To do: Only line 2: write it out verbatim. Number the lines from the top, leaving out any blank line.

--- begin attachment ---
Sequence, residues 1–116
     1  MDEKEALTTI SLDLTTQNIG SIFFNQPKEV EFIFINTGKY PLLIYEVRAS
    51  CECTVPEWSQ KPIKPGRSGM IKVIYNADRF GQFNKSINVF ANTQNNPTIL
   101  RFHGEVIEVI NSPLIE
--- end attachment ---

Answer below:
     1  MDEKEALTTI SLDLTTQNIG SIFFNQPKEV EFIFINTGKY PLLIYEVRAS